It's the calm before the Internet storm. Interest groups, influential bloggers and others are anxiously waiting to see who President Obama will pick as his first Supreme Court nominee after Justice David Souter announced his retirement May 1. Once the news is out, they will rally their online supporters and rake through the nominee's court decisions on controversial topics like gay marriage, abortion and affirmative action to speculate on how he or she will influence the high court for possibly decades to come.
"Every chink in the armor, every flaw, gets magnified" on the Internet, said Tony Mauro, a reporter with the National Law Journal who has covered the Supreme Court for nearly 30 years. The Web makes what would otherwise be normal criticism or flaws seem "like deal breakers," he said.
In the last battle over a Supreme Court nominee, conservatives roundly criticized President Bush's choice of Harriet Miers and forced her to withdraw; liberals then attempted to filibuster Samuel Alito's nomination, charging that he was too far to the right. As the legal and political blogs have grown in influence since 2005, Mauro said, the mainstream media, in turn, has acknowledged their higher profile. It only seems natural that the process will be much more intense this time around, he said.
Indeed, the Web has woven itself into nearly every part of politics and policy since the 2008 presidential campaign.
"It really depends on who the nominee is," said Nan Aron, president of the left-leaning Alliance For Justice. "We'll have some idea once the announcement is made to really gauge how much public interest there will be in the nomination. But, having said that, this is the time -- when there's a Supreme Court opening -- to reach out to as many people across the country and educate them about the importance of judges and federal judges at all levels." AFJ sends out an e-mail to its online supporters at least once a week, Aron said, and the group will undoubtedly take to its Justice Watch and Nonprofit and Foundation Advocacy blogs once a nomination is announced.
Americans United For Life says it has already seen an overwhelming response from its online supporters in discussions anticipating a nominee. "We had to upgrade the back end of our computer operation because we've seen such an outpouring of interest being more active on these issues," said Charmaine Yoest, the anti-abortion group's president. Her organization echoes a common concern on the right that Obama will nominate a judicial activist who will trigger a "dramatic shift in public understanding of the role of the courts," Yoest said. "When you go down the path of accepting judicial activism as the norm, that dramatically increases the amount of power judges have."
Yoest said her group will be ready to go right out of the gate once a nominee is announced. She said its "robust" online advocacy program, Facebook community and new IT system will mean "better, faster and cheaper" communication with supporters. "We're ready whenever they bring it out," she said. "There won't be a huge delay."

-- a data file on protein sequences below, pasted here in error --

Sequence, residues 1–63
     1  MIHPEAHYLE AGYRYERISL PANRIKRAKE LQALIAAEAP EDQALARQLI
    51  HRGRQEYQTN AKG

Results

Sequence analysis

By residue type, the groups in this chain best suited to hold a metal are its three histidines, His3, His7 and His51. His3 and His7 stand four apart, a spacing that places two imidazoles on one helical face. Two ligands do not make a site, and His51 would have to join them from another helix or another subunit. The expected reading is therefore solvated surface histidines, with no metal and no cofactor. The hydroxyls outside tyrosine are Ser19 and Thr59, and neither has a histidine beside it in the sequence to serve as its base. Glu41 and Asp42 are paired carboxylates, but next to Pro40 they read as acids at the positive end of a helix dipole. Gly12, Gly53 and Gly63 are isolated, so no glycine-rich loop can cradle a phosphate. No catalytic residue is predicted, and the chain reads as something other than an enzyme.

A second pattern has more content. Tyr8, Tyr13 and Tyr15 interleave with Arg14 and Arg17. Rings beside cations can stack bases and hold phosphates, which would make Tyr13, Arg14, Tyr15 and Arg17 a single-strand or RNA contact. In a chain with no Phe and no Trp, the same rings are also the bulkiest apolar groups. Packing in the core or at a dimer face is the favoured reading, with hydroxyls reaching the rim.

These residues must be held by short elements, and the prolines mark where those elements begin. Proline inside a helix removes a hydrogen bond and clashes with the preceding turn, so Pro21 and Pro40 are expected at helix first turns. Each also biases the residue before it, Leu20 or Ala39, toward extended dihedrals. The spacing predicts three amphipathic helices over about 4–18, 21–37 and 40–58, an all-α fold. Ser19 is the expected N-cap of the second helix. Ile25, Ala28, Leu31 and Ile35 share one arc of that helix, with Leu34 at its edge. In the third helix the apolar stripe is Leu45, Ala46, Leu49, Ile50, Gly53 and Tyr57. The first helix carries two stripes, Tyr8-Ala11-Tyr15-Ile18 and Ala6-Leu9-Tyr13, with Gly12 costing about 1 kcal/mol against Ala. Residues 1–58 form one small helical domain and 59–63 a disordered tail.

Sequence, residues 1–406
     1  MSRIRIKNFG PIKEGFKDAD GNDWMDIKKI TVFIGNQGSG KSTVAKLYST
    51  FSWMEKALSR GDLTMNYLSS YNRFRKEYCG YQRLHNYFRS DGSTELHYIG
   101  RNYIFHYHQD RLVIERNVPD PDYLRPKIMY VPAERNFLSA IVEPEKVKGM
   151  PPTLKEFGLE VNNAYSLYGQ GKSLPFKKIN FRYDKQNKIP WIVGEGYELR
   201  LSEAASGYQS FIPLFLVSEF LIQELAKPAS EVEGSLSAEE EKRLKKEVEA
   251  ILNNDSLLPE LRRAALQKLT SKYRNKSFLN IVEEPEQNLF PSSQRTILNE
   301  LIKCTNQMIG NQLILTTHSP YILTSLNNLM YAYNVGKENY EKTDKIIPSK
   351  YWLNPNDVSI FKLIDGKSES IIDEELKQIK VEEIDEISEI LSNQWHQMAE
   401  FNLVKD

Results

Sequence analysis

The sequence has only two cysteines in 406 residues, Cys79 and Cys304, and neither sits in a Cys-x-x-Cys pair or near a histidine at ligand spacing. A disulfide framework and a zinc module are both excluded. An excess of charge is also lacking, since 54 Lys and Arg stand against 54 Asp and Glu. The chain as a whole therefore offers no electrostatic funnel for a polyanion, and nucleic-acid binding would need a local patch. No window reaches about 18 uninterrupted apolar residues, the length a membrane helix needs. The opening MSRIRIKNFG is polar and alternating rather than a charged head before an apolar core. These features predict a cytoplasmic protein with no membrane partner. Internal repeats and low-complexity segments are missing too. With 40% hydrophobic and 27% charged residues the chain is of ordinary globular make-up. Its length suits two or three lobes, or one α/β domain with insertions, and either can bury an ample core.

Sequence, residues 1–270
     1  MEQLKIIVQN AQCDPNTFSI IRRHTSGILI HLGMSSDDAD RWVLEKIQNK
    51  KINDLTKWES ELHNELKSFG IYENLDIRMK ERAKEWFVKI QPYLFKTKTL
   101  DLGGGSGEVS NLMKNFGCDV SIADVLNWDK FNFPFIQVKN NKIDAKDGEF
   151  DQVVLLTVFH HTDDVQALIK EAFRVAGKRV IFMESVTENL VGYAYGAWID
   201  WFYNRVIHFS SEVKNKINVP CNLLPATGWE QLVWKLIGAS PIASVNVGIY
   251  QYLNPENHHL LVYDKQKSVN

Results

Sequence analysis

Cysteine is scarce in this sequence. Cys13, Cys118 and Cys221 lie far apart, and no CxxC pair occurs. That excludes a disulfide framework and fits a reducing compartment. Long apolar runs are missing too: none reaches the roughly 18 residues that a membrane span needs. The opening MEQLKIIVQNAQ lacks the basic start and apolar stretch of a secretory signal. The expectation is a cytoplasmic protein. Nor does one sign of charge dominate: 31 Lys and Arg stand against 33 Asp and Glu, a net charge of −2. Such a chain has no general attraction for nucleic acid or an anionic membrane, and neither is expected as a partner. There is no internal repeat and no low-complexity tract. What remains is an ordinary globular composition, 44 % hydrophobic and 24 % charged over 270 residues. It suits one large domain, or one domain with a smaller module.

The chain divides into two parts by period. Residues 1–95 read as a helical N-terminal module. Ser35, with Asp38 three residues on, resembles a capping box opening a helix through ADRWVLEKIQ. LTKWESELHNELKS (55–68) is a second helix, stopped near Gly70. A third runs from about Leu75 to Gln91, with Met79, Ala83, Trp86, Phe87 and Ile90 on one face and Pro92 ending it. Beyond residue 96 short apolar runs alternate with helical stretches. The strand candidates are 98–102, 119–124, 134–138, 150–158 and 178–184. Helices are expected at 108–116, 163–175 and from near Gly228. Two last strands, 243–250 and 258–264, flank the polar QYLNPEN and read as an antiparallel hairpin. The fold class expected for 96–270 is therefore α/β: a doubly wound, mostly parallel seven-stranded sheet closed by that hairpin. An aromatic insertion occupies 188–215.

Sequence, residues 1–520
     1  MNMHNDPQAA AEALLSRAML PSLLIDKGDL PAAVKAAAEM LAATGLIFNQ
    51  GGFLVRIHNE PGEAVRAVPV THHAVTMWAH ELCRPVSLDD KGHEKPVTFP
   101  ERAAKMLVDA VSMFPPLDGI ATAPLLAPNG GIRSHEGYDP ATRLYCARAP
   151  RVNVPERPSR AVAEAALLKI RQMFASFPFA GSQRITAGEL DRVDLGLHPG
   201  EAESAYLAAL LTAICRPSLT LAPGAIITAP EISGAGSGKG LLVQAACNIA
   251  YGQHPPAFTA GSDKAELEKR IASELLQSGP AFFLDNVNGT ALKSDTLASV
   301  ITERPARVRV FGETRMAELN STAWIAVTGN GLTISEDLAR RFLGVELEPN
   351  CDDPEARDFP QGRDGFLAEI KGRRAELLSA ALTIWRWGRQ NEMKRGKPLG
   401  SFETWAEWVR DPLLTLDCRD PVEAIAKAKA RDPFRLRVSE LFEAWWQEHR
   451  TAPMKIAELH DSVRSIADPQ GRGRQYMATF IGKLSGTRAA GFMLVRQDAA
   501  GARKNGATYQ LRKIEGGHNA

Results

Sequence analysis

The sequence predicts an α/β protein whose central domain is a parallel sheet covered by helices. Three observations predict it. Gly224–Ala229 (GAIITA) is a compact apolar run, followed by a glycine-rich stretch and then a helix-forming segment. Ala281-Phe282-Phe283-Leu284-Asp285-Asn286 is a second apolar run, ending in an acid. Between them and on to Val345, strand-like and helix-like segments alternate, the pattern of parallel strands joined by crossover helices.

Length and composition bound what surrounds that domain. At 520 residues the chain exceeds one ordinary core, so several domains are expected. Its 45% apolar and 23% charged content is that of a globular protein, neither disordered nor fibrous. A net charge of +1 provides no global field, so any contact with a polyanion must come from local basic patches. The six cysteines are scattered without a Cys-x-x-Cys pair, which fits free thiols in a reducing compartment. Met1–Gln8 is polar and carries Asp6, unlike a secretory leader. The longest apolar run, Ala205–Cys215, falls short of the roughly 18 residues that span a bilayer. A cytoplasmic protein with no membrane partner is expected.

Marge Baker, executive vice president for policy and program planning with the left-leaning People for the American Way, objected to conservatives preemptively criticizing Obama's potential nominees. "The right wing has come out so early in opposition," she said. "They're going to oppose any nominee before there's even a nominee. It seems knee-jerk."
Republican Internet strategist David All predicts that both parties will take to the Internet equally. "The big difference is watching what the White House will do," he said. All argued that this president will approach the Internet's role in his SCOTUS nomination process vastly differently than his predecessor. "Along with an effective strategy of forking the candidate through the Senate, you're going to see Barack himself take to the Internet or someone close to him to help tell the story of the nominee and who they think it is," All said.
How much actual influence the Internet will have on the nomination and confirmation process remains to be seen. All is convinced that the Internet will be a "central role in this battle.... It's important to pay attention online to eventually figure out what's going to happen offline with the actual nomination."
But Jeffrey Rosen, legal affairs editor for the New Republic and professor at George Washington University Law School, isn't so sure. "In the end, Obama will make up his own mind and his nominee will be confirmed," Rosen said. "What the Internet changes is the heat and breadth of the discussion, not the ultimate decision or outcome."
Rosen has already felt that heat. His recent blog post scrutinizing one rumored nominee, federal appellate judge Sonia Sotomayor, provoked an intense outcry on the blogosphere; the reaction prompted Rosen to post an explanation.
A sign of things to come? Perhaps.
As Mauro said, "It's going to be an intense summer."